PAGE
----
Permanent & Inseparable Immorality

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I recently read Thomas Pynchon’s Inherent Vice. My first Pynchon novel, I am now thoroughly entranced, as well as incredibly impressed by his writing abilities. In this novel, Pynchon has created a world, that takes place in a location with which many of us are familiar (California, U.S.) during a time with which some of us are vaguely or intimately familiar (’60s – ’70s), but Pynchon has imbued this world with a vividness and a completeness that is refreshing to read. Even the title of this novel is both eye-catching, and makes the reader think:

inherent

vice

One of the things I really like about this novel is Pynchon’s use of language. His references are generally comprehensible, but also might give you pause.

On potential insane asylums:

Shasta had mentioned a possible laughing-academy angle to Micky Wolfmann’s matrimonial drama…

Inherent Vice, Thomas Pynchon, Chapter 5

On being incognito:

Looking in the mirror, he almost recognized himself. Groovy.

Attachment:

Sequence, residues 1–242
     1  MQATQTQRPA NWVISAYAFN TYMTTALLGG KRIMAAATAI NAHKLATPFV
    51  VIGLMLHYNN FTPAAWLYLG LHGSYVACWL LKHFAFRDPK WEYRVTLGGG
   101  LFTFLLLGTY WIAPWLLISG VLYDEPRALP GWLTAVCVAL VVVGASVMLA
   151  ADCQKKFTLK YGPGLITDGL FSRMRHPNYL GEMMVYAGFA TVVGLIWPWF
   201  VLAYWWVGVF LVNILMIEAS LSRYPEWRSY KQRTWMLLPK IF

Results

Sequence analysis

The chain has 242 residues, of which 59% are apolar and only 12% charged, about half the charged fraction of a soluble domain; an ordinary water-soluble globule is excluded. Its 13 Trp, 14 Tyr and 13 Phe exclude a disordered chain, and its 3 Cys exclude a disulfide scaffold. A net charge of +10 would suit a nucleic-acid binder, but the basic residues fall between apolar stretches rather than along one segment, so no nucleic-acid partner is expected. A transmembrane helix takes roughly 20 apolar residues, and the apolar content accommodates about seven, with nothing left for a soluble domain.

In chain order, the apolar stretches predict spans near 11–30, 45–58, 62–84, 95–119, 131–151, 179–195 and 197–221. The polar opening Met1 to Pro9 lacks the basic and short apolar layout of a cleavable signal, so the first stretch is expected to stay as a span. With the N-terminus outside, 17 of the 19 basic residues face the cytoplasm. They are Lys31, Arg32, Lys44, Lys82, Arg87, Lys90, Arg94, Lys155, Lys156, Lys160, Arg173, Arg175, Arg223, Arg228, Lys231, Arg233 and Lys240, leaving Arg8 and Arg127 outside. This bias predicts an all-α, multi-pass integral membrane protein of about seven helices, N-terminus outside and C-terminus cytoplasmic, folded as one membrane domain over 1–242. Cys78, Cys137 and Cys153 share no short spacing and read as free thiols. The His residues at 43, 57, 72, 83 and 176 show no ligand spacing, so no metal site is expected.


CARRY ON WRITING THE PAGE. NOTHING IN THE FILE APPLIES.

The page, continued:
Inherent Vice, Thomas Pynchon, Chapter 5

On being stoned:

-And another thing.

Other writers might be condescending (a pet peeve of mine about which I will likely write  a post soon #foreshadowing #notreally #forewarning #impendingrant). Might explain, repeatedly, what is going on in “flatfoot” terms. Might point out too clearly when drugs are causing hallucinations and when odd things are actually happening. Pynchon isn’t babying the reader – he makes you think, figure out what is going on for yourself.

No-carreola-2400px

This includes the world that Pynchon has created. For example, there is a reference to a poster of Jesus surfing goofy foot. As someone who does not know much about surfing, I had to look it up, and while my brain was picturing this:

goofy_feet

it turns out, the term refers to this:

goofy foot

I like reading books that make me look up references, that expand my vocabulary, that make me think, and that, overall, is pleasant to read. Inherent Vice had all of these qualities.

AND, as an added bonus, the novel provides a (admittedly sarcastic) selfless reason you don’t have to share your food:

-'I'd share these with you

Have you read Inherent Vice? What were your thoughts?

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2 thoughts on “Permanent & Inseparable Immorality

    This or That: « Bambi Quim said:
    April 27, 2016 at 7:00 am

    […] Inherent Vice – Another mystery novel, this one occurring in the hippy-dippy ’60s. Chill with Doc Sportello, man, in a world created by Thomas Pynchon that is an inherently good read. […]

    Like

    2016: My Reading List « Bambi Quim said:
    December 30, 2016 at 8:34 am

    […] Blog post […]

    Like

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